Today's Date: Add To Favorites
Fox Rothschild/ Young, Moriwaki & Greenfader Merge
Law Firm News | 2007/01/08 22:20

Fox Rothschild
today announced that it has merged with law firm Young, Moriwaki & Greenfader (YMG). According to the Philadelphia-based law firm, which has three offices in New Jersey with a total of 141 attorneys, the merger with New York-based YMG will help expand its presence in Manhattan and better serve a growing international client base. The deal follows Fox Rothschild's September 2006 merger with Roseland-based law firm Grotta, Glassman & Hoffman. YMG specializes in estate planning and corporate and nonprofit organizations.

[PREV] [1] ..[6744][6745][6746][6747][6748][6749][6750][6751][6752].. [7036] [NEXT]
Class Action
Breaking Legal News
Corporate Governance
Court Watch
Criminal Law
Health Care
Human Rights
Intellectual Property
Labor & Employment
Law Center
Law Promo News
Legal Business
Legal Marketing
Medical Malpractice
Mergers & Acquisitions
Political and Legal
Practice Focuses
Elite Lawyers
Featured Law Firms
Tort Reform
Venture Business News
World Business News
Law Firm News
Attorneys in the News
Events and Seminars
Legal Careers News
Patent Law
Consumer Rights
Legal Spotlight
Current Cases
State Class Actions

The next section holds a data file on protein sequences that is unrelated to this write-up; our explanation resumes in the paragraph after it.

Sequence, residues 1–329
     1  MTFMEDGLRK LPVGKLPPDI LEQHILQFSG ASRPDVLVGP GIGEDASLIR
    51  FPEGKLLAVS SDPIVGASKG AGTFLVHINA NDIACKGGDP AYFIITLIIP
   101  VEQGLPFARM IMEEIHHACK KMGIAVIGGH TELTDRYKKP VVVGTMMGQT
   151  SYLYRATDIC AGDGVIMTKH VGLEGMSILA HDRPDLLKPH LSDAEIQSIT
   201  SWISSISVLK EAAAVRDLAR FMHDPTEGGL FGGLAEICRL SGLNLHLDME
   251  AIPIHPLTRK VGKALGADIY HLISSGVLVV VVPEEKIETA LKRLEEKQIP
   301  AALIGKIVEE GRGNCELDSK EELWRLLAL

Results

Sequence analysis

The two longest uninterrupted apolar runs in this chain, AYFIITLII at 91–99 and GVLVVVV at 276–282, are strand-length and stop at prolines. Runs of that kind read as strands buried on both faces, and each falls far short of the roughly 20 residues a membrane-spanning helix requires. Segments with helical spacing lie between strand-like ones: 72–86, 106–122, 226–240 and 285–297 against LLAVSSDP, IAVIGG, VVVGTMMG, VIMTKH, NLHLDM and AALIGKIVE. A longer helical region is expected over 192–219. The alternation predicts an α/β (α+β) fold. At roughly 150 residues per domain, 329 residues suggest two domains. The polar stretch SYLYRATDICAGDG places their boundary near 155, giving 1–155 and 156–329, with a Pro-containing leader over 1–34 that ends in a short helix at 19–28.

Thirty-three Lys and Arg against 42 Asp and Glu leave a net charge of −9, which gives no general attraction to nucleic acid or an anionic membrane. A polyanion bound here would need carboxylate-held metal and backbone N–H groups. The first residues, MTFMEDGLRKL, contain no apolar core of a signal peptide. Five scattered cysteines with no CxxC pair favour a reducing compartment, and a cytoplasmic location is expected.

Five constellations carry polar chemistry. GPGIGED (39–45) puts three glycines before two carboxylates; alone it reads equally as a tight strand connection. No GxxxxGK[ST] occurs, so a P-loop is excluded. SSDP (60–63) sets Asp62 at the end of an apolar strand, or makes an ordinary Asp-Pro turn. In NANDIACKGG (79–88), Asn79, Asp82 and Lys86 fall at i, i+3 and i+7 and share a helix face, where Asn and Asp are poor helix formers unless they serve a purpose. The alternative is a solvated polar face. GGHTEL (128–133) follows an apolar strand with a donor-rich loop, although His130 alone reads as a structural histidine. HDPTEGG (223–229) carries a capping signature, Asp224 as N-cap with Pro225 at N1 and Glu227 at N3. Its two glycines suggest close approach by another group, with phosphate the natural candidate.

Federal Class Actions
Cook County, Illinois, lawye..
Kansas court upholds death s..
Court rules against CarMax i..
Appeals court considers Ariz..
Grassley: GOP can't stonewal..
Pakistan's top court seeks r..
Landowners to court: Exxon M..
As time runs out, dozens of ..
Court hearing on potential O..
Iraq's federal court rules a..
Court fight over Ohio execut..
Court enters default judgmen..
Moscow court orders paper to..
Court: Construction can resu..
Hawaii Supreme Court affirms..

Class action or a representative action is a form of lawsuit in which a large group of people collectively bring a claim to court and/or in which a class of defendants is being sued. This form of collective lawsuit originated in the United States and is still predominantly a U.S. phenomenon, at least the U.S. variant of it. In the United States federal courts, class actions are governed by Federal Rules of Civil Procedure Rule. Since 1938, many states have adopted rules similar to the FRCP. However, some states like California have civil procedure systems which deviate significantly from the federal rules; the California Codes provide for four separate types of class actions. As a result, there are two separate treatises devoted solely to the complex topic of California class actions. Some states, such as Virginia, do not provide for any class actions, while others, such as New York, limit the types of claims that may be brought as class actions. They can construct your law firm a brand new website, law firm website design and help you redesign your existing law firm site to secure your place in the internet.
© All rights reserved.

The content contained on the web site has been prepared by Class Action Times as a service to the internet community and is not intended to constitute legal advice or a substitute for consultation with a licensed legal professional in a particular case or circumstance.